regional anesthesia, your anesthesiologist makes an injection
near a cluster of nerves to numb the area of your body that
requires surgery. You may remain awake, or you may be given
continuous sedation at your request. You do not or feel
the actual surgery take place due to the blocking of the
nerves to the surgical site. These sedatives are very short
acting so you should be wide-awake shortly after you arrive
in our recovery room.
a sedative is used you may very well remember bits and pieces
of your time in the operating room, however you will remain
very calm and pain free.
are several kinds of regional anesthesia. Two of the most
frequently used are spinal anesthesia and epidural anesthesia,
which are produced by injections made with great precision
in the appropriate areas of the back. It seems that everyone
has a horror story to tell about someone many years ago
getting a spinal injury from this technique. As with everything
in medicine, things change. Spinal/Epidural anesthesia is
now a very safe and common anesthetic. Risk of neurological
injury is very rare and the reported risk of spinal headaches
is less than 0.5%. Many patients prefer the benefit of avoiding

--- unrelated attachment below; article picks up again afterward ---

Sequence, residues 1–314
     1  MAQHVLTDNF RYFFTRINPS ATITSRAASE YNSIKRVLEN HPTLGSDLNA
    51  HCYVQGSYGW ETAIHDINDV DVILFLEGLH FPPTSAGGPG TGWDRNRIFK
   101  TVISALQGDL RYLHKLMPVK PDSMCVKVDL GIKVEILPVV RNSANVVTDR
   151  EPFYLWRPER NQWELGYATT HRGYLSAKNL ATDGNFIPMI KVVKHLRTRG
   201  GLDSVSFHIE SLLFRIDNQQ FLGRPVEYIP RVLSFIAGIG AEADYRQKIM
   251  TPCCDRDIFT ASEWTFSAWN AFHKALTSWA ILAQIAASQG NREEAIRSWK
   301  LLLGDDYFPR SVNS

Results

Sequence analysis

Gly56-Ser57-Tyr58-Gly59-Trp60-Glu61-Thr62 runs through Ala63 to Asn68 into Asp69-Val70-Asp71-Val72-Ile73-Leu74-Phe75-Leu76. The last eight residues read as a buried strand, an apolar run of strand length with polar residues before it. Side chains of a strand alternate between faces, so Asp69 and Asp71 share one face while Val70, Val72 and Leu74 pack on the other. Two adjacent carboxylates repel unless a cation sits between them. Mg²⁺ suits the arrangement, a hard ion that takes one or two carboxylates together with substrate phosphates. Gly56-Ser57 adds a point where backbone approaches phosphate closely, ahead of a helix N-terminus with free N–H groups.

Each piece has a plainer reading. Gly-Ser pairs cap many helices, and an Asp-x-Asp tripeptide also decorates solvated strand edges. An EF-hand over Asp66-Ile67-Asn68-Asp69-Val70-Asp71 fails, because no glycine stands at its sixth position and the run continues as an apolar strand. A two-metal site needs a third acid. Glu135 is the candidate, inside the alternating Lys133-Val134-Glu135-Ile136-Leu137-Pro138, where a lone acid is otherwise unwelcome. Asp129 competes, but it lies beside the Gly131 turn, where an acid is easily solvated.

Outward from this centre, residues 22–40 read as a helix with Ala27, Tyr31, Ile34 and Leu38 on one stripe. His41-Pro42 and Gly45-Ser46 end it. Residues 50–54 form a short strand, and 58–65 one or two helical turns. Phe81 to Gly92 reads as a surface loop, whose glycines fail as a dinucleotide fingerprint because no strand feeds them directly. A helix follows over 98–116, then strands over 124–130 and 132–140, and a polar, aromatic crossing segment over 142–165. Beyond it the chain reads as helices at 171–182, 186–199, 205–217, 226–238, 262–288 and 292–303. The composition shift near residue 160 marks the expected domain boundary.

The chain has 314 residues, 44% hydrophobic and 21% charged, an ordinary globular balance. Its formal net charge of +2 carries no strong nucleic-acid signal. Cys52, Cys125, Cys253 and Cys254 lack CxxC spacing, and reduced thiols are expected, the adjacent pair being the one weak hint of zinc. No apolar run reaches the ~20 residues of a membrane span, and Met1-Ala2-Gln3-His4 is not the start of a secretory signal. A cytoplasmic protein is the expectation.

the drugs of general anesthesia for a little sedation and
numbness. It is also quite interesting to note that a poll
of practicing Anesthesiologists choose regional anesthesia
for themselves more often than general anesthesia.
significant advantage of regional anesthesia is the ability
to extent the nerve block into the post-operative period
by use of an indwelling catheter. These can be placed blindly,
by ultrasound, x-ray, or use of a nerve stimulator. These
catheters allow your anesthesiologist to provide superior
pain control, while limiting the amount of narcotics needed
to control your pain. These blocks are most commonly preformed
in the neck or shoulder for arm and hand surgery, or in
the groin or back of the knee for leg and foot surgery.
catheters can be placed at appropriate levels of the spine
to provide pain relief for anything from chest to foot surgery.
post-operative comfort is a priority of your anesthesiologist,
so ask questions about your options.